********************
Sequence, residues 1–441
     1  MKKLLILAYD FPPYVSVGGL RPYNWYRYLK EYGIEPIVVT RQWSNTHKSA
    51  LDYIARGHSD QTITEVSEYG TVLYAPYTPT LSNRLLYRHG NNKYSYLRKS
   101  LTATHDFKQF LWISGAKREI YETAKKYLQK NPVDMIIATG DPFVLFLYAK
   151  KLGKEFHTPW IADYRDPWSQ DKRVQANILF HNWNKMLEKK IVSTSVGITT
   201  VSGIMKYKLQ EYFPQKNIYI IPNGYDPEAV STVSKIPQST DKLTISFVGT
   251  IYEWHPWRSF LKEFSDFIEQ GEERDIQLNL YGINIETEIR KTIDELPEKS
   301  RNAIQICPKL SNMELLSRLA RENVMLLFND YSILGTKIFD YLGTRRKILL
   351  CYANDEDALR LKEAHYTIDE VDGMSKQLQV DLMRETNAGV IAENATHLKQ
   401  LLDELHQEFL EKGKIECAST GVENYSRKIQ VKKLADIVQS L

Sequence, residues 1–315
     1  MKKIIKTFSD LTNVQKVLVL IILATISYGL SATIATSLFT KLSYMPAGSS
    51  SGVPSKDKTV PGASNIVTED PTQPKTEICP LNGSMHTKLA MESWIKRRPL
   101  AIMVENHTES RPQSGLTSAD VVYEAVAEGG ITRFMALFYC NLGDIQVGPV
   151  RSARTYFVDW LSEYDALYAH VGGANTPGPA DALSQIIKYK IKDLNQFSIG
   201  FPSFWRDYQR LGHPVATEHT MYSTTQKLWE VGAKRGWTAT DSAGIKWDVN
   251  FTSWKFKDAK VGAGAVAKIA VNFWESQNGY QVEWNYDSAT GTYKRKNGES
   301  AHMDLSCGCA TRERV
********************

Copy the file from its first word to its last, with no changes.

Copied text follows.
Sequence, residues 1–441
     1  MKKLLILAYD FPPYVSVGGL RPYNWYRYLK EYGIEPIVVT RQWSNTHKSA
    51  LDYIARGHSD QTITEVSEYG TVLYAPYTPT LSNRLLYRHG NNKYSYLRKS
   101  LTATHDFKQF LWISGAKREI YETAKKYLQK NPVDMIIATG DPFVLFLYAK
   151  KLGKEFHTPW IADYRDPWSQ DKRVQANILF HNWNKMLEKK IVSTSVGITT
   201  VSGIMKYKLQ EYFPQKNIYI IPNGYDPEAV STVSKIPQST DKLTISFVGT
   251  IYEWHPWRSF LKEFSDFIEQ GEERDIQLNL YGINIETEIR KTIDELPEKS
   301  RNAIQICPKL SNMELLSRLA RENVMLLFND YSILGTKIFD YLGTRRKILL
   351  CYANDEDALR LKEAHYTIDE VDGMSKQLQV DLMRETNAGV IAENATHLKQ
   401  LLDELHQEFL EKGKIECAST GVENYSRKIQ VKKLADIVQS L

Sequence, residues 1–315
     1  MKKIIKTFSD LTNVQKVLVL IILATISYGL SATIATSLFT KLSYMPAGSS
    51  SGVPSKDKTV PGASNIVTED PTQPKTEICP LNGSMHTKLA MESWIKRRPL
   101  AIMVENHTES RPQSGLTSAD VVYEAVAEGG ITRFMALFYC NLGDIQVGPV
   151  RSARTYFVDW LSEYDALYAH VGGANTPGPA DALSQIIKYK IKDLNQFSIG
   201  FPSFWRDYQR LGHPVATEHT MYSTTQKLWE VGAKRGWTAT DSAGIKWDVN
   251  FTSWKFKDAK VGAGAVAKIA VNFWESQNGY QVEWNYDSAT GTYKRKNGES
   301  AHMDLSCGCA TRERV